COMECE regrets EU Commission’s decision on ‘One of Us’

ComeceCOMECE, 5 juni 2014

The European Commission decided on 28 May not to submit any legislative proposal as a reply to the European Citizens Initiative ‘One of Us’.

This initiative asked for the ending of the EU financing of activities which presuppose the destruction of human embryos, in particular in the areas of research (projects making use of human embryonic stem cells – hESC) and development cooperation (abortion, either directly or indirectly financed).

unknownThe One of Us initiative, which gathered the signatures of over 1,7 million European citizens, represented a significant exercise in participatory democracy. COMECE regrets the decision of the EU Commission not to act on its demands. This initiative drew the Commission’s attention to a substantive issue: the EU financing of activities which presuppose the destruction of human embryos and on which the initiative pleaded that the Commission should act by banning such funding.

It is COMECE’s conviction, grounded on ethical, legal, scientific and even economic arguments, that such funding should not be accepted.

The Communication underpinning the decision of the Commission merely describes the current legal framework and does not advance new arguments to support it. Despite the fact that the citizens’ initiative is a new and innovative democratic instrument, one of the key arguments of the Commission for refusing to take any action seems to be the fact that the current legal framework has been recently approved through the democratic process, which can induce the misleading conclusion that there is a conflict between representative democratic instruments and the newer participatory instrument (of which the One of Us initiative is an example). The Commission’s decision could lead to a weakening of this specific instrument – the European Citizen’s initiative- foreseen by the Lisbon Treaty and designed to bridge the gap between legislators and the citizens they represent.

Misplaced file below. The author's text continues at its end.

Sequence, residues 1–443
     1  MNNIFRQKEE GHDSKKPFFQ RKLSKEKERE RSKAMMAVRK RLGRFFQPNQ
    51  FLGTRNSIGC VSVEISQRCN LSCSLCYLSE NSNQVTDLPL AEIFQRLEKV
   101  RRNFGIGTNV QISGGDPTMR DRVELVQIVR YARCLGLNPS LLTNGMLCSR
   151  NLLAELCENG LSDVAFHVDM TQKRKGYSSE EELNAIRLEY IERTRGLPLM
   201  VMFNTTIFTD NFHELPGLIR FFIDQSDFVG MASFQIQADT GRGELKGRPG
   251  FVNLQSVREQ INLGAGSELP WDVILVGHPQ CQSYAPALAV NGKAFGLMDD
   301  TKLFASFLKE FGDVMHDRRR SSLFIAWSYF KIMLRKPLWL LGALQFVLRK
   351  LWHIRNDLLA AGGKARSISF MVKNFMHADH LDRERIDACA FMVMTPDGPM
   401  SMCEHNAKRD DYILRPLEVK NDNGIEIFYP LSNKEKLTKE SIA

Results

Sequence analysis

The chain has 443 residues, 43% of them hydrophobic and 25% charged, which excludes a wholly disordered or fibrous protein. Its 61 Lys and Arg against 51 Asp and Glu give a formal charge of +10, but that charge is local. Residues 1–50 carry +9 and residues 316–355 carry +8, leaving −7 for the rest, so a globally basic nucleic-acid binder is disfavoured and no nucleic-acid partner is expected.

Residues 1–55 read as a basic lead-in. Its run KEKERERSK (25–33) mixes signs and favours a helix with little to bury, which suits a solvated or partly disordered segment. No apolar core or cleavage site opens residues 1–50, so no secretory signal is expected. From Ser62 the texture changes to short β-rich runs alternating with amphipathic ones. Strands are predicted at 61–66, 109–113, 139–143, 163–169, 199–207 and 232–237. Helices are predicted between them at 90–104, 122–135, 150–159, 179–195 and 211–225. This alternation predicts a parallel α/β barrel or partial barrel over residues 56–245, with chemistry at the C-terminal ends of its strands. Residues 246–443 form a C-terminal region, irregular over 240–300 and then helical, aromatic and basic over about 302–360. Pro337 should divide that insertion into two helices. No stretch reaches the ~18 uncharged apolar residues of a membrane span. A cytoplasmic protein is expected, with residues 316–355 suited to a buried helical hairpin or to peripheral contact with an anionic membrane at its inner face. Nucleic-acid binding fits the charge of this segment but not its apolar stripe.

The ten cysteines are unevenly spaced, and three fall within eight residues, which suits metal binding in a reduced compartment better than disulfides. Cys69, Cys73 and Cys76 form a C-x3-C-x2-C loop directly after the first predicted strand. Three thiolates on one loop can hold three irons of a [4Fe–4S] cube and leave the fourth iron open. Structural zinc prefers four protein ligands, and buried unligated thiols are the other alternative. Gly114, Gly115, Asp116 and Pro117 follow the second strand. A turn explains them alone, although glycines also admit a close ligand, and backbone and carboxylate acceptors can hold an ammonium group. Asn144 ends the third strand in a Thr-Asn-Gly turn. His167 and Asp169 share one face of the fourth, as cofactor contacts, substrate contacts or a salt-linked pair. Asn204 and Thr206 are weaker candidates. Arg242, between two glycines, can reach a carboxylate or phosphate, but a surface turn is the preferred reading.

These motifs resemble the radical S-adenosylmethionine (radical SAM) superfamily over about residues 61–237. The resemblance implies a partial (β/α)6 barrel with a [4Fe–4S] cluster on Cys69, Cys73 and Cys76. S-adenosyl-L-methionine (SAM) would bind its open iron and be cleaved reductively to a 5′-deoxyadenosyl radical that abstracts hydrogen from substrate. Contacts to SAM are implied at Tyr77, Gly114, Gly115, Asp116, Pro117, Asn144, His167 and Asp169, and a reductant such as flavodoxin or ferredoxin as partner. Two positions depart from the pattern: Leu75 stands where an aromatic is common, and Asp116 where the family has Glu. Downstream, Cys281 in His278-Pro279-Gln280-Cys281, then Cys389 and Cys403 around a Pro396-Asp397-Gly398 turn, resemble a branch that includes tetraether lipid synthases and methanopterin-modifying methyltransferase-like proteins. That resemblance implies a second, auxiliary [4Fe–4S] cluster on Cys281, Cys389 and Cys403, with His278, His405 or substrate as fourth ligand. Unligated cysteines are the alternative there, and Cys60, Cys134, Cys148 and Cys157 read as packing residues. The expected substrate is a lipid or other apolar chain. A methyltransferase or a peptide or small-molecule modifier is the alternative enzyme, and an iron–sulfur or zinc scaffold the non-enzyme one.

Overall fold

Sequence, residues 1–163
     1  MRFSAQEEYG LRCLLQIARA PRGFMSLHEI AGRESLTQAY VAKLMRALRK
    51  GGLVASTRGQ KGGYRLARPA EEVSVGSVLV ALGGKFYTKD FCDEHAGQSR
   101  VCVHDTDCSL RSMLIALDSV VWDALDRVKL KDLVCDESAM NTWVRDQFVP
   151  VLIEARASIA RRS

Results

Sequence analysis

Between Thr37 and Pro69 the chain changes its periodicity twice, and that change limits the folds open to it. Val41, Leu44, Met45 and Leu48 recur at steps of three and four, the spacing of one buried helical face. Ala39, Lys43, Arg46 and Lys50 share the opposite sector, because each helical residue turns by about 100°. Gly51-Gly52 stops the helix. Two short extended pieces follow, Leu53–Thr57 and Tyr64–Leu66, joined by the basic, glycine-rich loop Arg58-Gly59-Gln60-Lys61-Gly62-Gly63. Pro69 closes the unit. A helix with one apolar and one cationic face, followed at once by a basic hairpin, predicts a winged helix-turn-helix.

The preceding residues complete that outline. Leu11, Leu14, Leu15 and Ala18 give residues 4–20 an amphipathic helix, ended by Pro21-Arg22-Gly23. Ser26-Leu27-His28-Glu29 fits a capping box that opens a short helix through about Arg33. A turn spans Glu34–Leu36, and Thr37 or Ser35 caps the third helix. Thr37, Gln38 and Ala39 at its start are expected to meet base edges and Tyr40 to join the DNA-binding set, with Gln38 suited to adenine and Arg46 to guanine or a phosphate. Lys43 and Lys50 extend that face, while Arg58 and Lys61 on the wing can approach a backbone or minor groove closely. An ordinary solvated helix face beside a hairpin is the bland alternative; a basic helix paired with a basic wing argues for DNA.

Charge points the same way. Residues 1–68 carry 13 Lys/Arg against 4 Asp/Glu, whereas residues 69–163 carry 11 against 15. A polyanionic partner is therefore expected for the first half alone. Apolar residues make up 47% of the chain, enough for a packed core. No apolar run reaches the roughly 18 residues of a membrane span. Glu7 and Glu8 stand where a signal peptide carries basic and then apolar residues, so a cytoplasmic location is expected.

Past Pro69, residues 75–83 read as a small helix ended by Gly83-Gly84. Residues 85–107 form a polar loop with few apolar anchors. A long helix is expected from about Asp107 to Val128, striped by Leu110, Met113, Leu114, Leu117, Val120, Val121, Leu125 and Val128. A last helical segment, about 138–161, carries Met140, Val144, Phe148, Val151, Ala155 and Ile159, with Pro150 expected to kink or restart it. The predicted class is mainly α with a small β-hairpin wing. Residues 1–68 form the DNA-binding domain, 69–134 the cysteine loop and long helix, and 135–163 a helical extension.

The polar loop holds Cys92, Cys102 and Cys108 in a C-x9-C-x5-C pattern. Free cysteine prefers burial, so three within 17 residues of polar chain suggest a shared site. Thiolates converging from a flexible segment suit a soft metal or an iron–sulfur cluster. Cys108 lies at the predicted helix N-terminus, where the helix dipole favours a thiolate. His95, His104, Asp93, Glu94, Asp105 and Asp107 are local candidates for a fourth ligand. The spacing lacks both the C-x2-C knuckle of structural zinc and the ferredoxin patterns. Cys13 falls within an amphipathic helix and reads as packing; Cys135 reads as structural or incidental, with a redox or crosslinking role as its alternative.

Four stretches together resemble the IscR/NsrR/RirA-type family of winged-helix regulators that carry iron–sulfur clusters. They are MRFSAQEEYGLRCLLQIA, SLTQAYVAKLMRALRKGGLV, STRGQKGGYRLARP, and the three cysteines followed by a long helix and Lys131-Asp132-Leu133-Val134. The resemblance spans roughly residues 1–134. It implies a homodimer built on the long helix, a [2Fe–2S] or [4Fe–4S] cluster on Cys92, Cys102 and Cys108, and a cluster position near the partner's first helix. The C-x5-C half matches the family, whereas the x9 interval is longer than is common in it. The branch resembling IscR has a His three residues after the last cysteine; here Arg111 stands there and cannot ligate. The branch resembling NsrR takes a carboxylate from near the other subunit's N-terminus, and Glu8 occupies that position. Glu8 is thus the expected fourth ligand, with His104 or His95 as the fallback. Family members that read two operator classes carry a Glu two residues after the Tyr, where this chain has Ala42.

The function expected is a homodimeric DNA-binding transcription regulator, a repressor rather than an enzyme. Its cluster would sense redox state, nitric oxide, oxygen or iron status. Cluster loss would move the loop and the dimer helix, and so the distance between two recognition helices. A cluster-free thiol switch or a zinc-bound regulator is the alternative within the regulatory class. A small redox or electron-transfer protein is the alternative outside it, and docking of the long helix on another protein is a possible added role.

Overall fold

The Commission’s openness to referring again to the European Group on Ethics (EGE) is to be welcomed and may mean that the substantive issue will get a second hearing.

In any case, the European Commission’s decision should not discourage Christians and all civil society from continuing to promote the principles underlying this initiative and its policy proposals, in future, at EU level as well as on national level.